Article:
• If you don't go the entire dry gardening route, but want to use less water, mulch deeply early on. It keeps your soil from drying out and blocks light germinating weed seeds from sprouting. 
  • Self mulching:  plant in blocks, rather than rows. This creates shade for roots and reduces evaporation.
  • Dust mulching is simply soil cultivation to about 2 or 3 inches deep. Cultivation disturbs the soil surface and interrupts the wicking of soil moisture from below to the surface and losing it to evaporation.  Do it after rains or irrigating.
  • Remove water-using weeds. Don't let them seed.
     
  • When you water, do it deeply by drip or trickle, deeply, early AM if possible, when wind is low and temps are cool. Plants drink during the day.  This is a good time to invest in a 'hose bubbler.'  They deliver water slowly without digging up your soil.
  • Cultivate 2" to 3" deep before a rain to capture up to 70% of the rainfall! Cultivate afterwards if a salt crust (from manures) has built up.
  • Give your plants tasty compost tea, equal parts water and aged compost. Compost tea delivers rich soluble nutrients directly to the plant roots. Harvest on time at peak flavor and texture, using no more water than needed.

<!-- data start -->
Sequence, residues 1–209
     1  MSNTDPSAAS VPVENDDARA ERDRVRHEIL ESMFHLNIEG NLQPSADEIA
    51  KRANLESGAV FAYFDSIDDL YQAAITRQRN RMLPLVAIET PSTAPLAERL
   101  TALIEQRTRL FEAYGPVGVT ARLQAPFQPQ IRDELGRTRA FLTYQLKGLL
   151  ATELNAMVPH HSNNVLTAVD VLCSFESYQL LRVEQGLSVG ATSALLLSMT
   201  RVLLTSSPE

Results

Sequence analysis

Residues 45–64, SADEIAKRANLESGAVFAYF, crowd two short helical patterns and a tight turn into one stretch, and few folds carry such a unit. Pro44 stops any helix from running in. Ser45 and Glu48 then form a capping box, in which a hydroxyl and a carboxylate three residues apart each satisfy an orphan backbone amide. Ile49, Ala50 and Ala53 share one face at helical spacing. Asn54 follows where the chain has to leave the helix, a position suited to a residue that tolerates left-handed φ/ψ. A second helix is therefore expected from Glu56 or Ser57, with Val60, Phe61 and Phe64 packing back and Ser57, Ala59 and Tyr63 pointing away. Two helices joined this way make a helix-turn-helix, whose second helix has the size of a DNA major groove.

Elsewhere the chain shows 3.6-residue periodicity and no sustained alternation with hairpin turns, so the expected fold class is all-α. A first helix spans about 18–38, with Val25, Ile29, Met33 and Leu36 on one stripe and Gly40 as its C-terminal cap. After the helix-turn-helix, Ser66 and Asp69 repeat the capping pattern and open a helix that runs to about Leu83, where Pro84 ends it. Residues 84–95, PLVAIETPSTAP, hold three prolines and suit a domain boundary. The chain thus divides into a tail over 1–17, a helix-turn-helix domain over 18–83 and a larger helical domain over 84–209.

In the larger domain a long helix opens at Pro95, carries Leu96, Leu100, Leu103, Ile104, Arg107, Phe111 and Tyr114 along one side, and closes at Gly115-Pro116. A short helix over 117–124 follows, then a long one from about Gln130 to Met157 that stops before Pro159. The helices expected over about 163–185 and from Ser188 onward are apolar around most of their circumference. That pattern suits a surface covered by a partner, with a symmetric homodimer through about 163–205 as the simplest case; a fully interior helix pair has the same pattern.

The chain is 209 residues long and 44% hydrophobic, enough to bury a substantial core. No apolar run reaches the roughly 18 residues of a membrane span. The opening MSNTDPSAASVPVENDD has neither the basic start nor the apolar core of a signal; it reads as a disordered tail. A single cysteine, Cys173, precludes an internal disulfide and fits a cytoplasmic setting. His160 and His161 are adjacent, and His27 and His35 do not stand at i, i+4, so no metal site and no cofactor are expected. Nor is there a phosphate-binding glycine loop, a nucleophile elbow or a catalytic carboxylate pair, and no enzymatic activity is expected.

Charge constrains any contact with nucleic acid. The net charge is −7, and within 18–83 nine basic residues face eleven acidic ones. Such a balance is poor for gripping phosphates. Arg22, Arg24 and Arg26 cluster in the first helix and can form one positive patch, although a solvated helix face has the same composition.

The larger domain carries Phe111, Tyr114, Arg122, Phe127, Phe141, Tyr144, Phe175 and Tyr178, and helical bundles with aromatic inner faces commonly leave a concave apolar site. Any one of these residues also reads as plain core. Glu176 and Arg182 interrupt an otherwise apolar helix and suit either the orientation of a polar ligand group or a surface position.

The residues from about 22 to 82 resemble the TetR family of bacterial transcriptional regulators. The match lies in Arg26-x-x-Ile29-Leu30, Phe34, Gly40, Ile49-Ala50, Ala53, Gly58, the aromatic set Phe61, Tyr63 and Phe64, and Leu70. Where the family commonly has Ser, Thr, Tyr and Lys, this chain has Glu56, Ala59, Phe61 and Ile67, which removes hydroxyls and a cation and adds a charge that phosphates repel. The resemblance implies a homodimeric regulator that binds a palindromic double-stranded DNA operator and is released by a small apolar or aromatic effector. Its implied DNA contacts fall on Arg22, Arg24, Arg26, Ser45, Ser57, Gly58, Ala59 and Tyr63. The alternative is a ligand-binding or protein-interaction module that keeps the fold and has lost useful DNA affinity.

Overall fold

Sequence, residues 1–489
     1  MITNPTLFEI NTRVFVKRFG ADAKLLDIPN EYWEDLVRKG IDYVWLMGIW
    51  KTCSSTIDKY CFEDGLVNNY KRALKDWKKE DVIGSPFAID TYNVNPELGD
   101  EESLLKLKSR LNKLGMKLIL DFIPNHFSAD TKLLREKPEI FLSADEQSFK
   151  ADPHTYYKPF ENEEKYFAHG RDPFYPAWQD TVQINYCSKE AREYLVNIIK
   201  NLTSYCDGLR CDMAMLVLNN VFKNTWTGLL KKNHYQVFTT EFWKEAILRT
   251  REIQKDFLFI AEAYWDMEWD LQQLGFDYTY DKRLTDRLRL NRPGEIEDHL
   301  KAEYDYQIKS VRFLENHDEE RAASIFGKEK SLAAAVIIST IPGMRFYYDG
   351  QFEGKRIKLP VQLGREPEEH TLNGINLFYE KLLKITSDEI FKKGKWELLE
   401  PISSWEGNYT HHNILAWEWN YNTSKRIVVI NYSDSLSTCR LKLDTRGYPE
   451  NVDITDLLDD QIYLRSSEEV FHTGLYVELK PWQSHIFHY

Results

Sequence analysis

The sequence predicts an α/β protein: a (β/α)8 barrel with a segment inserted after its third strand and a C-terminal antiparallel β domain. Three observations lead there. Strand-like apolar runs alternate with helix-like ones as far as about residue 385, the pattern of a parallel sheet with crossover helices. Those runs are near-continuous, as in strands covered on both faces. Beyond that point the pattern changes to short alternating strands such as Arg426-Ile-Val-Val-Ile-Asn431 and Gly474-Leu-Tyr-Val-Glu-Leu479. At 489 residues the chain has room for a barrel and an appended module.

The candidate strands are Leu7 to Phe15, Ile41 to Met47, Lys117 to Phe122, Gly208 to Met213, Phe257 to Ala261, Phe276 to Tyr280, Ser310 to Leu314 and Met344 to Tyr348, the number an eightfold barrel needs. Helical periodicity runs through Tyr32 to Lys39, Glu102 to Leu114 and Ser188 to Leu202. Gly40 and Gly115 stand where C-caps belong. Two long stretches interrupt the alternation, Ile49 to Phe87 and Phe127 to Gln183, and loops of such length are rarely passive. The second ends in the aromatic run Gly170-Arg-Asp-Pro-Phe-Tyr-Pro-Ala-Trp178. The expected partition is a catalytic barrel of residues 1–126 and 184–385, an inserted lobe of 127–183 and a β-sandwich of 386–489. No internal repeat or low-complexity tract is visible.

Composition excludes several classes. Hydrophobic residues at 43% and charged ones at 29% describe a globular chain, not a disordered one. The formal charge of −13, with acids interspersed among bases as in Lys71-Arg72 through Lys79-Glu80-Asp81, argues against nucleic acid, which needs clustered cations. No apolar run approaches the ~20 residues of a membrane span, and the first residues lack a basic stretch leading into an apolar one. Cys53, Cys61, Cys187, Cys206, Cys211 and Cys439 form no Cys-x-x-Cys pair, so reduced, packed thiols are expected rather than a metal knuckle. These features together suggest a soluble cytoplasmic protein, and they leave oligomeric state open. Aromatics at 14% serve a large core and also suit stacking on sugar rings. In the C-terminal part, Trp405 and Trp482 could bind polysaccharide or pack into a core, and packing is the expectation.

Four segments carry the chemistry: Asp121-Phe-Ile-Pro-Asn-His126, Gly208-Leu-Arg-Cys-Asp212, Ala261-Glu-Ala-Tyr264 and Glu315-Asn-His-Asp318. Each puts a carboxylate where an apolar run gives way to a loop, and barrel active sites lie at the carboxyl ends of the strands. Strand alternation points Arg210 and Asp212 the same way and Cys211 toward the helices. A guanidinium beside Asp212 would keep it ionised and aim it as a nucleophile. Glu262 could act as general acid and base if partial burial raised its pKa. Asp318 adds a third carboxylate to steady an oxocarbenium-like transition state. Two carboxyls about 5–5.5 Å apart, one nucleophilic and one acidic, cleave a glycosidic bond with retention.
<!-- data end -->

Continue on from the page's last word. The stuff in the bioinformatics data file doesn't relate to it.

• If water becomes critical, consider planting only a couple of containers with vegetables.
     
  • When your harvest is done, turn the remaining plants under, especially legumes, like beans, that feed your soil.
Be water wise, sleep well, eat hearty, share the bounty!

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Exciting Upcoming Garden Events!

Santa Barbara Public Gardens Month!

~  MAY  ~
Santa Barbara Public Gardens Appreciation Month

NATIONAL PUBLIC GARDENS DAY, on Friday, May 10th, HAS BECOME A MONTH-LONG CELEBRATION OF GARDENING!  Celebrate with free tours, a free lecture series, free admission to several venues, garden teas at luxury hotels, special events, exhibits, book signings, free carousel rides, and much more!

Be sure to like the SBPGP on Facebook!

For a complete listing of activities and offers visit www.sbpublicgardens.org.  Enjoy!

As part of Gardens Appreciation Month, UCCE Master Gardeners of Santa Barbara County will be presenting the 3 events listed!
_ _ _ _ _ _ _ _ _ _ _ _ _ _ _ _ _ _ _ _ _ _ _ _ _ _ _ _ _ _ _ _ _ _ _

All About EDIBLE LANDSCAPES! 
Saturday, May 4 - 10 a.m. to 12:00 noon
Louise Lowry Davis Center, 1232 De la Vina Street

Transform your landscaping into one which is sustainable and provides you with fresh, healthy produce, fruit and herbs year round. Master Gardeners Diane Galvan, Laurel Lyle and Karen McConaghy will define Edible Landscaping, provide guidelines for a good edible landscape plan/design, discuss planting and maintaining, harvesting and storing your Edible Landscape and food safety.
_ _ _ _ _ _ _ _ _ _ _ _ _ _ _ _ _ _ _ _ _ _ _ _ _ _ _ _ _ _ _ _ _ _ _

Fabulous Herbs for Flavorful Food & Composting Simply Done
Saturday, May 11 - 10 a.m. to 12:30 p.m.
Louise Lowry Davis Center, 1232 De la Vina Street